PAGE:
I am two-years-old, toddling across the farmyard behind our house in Wales. I look down and see my favorite precious little book lying in the mud. I don’t know what to do, don’t know to pick it up or keep it safe. I don’t even ask others to help me. Gradually over the weeks, I notice its pages falling apart until eventually it becomes indistinguishable from the grime around it.
That neglected book is a symbol of my early life in a troubled family with an alcoholic mother and absent father. No one picked me up or kept me safe; no one said they loved me. My inner world became torn and soiled—a lost boy who could not find his happy thoughts.
My family was a constant source of shame and embarrassment. I grew up wary and watchful, a prey to silent anxiety, a stranger to myself, never quite at home in this world. I hated secondary school, had few friends and left at age 15. Occasionally, life offered me a morsel of pleasure, a bone of satisfaction, but I did not know what happy meant.
So it is a constant surprise to find myself in my 70’s cheerful and often filled with joy. My neighbors have got used to me bursting into wordless songs of praise and gratitude. Life still has its share of hassles, irritation and disappointments. I get upset at the cruelty and ignorance of some of my fellow human beings, but my equanimity returns quickly. Looking back, I could never have imagined that getting old would be so enjoyable.
So what is the secret? If you want a happiness recipe, there are many good websites on the Internet listing the things that contribute to wellbeing (see Resources). I support them all and suggest you put into practice your own list, stealing ideas wherever you can. However that’s not where I’m going. While it’s essential to cultivate a positive frame of mind and do those things that support emotional resilience, we cannot fabricate happiness. The pursuit of happiness is a mirage, like running after the wind.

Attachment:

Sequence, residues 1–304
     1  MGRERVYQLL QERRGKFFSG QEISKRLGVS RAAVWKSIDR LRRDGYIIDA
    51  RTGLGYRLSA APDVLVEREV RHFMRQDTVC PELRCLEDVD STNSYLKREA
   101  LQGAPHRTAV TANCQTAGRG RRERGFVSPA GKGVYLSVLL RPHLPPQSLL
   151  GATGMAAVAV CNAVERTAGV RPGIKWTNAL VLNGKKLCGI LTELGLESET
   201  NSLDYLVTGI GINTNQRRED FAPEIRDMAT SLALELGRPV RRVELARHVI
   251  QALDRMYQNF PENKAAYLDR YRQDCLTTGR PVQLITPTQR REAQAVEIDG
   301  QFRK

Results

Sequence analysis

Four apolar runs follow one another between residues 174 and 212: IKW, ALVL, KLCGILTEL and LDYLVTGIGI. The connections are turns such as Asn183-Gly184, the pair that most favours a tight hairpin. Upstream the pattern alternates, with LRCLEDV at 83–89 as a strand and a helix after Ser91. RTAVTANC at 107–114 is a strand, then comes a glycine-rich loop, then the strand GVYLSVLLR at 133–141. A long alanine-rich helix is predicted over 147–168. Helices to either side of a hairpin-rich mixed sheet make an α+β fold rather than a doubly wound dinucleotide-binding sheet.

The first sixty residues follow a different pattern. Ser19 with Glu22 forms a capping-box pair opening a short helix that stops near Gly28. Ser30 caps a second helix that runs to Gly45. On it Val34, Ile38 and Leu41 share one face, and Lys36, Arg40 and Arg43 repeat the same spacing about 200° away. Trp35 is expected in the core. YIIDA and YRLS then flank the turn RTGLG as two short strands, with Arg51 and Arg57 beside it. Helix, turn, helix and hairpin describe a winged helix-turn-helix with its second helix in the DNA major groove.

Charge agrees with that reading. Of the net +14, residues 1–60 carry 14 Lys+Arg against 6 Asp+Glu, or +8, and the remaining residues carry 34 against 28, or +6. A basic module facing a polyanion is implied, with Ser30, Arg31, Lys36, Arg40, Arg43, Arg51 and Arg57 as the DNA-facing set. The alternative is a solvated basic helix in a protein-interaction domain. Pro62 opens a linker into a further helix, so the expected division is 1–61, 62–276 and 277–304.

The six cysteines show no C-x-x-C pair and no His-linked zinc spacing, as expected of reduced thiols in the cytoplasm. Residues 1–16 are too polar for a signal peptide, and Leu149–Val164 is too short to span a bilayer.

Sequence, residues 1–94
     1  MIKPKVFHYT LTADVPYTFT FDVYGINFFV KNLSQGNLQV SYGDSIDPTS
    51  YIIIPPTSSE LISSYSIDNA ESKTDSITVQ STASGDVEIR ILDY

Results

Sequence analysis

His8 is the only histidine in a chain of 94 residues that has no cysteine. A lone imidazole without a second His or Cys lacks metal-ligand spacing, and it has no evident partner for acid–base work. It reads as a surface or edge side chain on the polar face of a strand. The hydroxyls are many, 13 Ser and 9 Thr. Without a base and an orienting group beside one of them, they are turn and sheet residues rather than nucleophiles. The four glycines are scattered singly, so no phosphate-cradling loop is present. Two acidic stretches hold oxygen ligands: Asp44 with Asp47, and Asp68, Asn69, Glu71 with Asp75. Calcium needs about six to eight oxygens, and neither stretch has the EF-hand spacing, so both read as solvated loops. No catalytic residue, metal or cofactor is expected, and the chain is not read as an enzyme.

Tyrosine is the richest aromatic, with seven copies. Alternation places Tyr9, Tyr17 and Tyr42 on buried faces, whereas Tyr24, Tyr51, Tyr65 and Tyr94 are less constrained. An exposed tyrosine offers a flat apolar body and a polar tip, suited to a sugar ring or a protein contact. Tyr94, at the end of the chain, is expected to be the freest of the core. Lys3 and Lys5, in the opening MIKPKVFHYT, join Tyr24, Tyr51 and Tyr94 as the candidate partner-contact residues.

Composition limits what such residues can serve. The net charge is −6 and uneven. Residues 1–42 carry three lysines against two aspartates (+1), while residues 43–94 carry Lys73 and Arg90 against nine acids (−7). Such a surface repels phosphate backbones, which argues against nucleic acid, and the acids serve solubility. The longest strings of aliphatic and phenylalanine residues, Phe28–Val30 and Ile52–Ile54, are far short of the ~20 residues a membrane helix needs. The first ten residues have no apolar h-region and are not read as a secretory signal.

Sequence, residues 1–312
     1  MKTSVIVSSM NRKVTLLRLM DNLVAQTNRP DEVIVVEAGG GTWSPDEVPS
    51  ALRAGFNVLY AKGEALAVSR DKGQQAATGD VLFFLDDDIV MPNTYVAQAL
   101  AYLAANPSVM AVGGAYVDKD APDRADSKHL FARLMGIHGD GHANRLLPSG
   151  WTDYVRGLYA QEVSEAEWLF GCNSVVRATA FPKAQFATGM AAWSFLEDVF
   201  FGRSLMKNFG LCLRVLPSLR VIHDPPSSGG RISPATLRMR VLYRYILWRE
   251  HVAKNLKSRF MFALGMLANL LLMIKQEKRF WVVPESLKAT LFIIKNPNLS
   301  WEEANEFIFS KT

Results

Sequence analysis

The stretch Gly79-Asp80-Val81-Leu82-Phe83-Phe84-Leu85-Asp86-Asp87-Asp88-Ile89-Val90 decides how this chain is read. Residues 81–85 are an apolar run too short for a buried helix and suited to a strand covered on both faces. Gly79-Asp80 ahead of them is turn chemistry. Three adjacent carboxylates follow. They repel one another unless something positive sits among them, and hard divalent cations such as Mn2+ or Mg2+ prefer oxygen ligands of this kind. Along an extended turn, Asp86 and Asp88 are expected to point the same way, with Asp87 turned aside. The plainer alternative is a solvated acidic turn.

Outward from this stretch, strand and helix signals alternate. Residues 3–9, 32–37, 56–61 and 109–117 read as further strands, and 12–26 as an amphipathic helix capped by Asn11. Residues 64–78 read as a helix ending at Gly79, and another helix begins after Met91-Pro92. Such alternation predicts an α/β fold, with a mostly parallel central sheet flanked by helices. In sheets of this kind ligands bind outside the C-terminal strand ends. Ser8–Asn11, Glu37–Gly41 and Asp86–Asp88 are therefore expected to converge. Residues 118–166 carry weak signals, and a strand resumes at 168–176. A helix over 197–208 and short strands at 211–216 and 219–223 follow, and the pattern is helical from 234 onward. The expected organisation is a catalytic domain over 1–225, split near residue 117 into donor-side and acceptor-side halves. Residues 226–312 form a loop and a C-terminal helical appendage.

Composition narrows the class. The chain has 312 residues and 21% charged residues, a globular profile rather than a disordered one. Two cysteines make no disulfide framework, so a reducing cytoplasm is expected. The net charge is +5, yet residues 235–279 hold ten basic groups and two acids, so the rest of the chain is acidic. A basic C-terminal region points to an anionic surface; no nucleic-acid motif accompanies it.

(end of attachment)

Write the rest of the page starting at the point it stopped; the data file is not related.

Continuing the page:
Look at a baby: as long as her physical and emotional needs are met, she gurgles and smiles and finds endless delight sticking things into her mouth. Babies are generally happy. I have a felt-sense as an infant of lying on a blanket looking up at the sky through trees flooded with pink blossom. In that unending moment, my whole being is suffused with serenity and joy.
That memory is from a period before my family finally tore itself apart. It reminds me that I have not attained happiness through my own efforts—I have rediscovered it, like an archeologist unearthing treasures buried for eons. Happiness is a birthright: we are born to be happy and intended to be happy. Unfortunately for many of us, that capacity became sullied and masked by the confusion, pain and demands of growing up. By adulthood, we get locked into a box with walls built of shame, frustration and sorrow.
The question is not how to achieve happiness, but how to escape from our own obscuring edifice of negative thinking and dissatisfaction. One client described his depressive mood as a heavy overcoat soaked with rain, weighing him down and making it hard to breathe. When he discarded that sodden overcoat, he became naturally buoyant and lighthearted. Therapy did not made him happier; it uncovered his true nature of inherent cheerfulness.
Explorations through therapy and self-reflection are helpful and often necessary first steps; they divest us of constricting assumptions about who we are and how we should be. As we connect more to our true selves—to our own extraordinary uniqueness—a wellspring of contentment and enjoyment naturally bubbles up. The roots of happiness are buried deep in our psyche waiting to be released.
Ordinary happiness is our birthright as human beings, but there is more. Joyfulness and exultation are unearned gifts that comes from beyond our small self. Joy is an infilling of an empty still space we’ve cultivated through spiritual practice; it is an opening up to a Universal Force that surrounds and encompasses our being.
There is a wonderful line from the Bhagavad Gita: Without quietness, where is meditation? Without meditation, where is peace? Without peace, where is happiness? Our ultimate happiness depends on emptiness, contemplation and inner peace.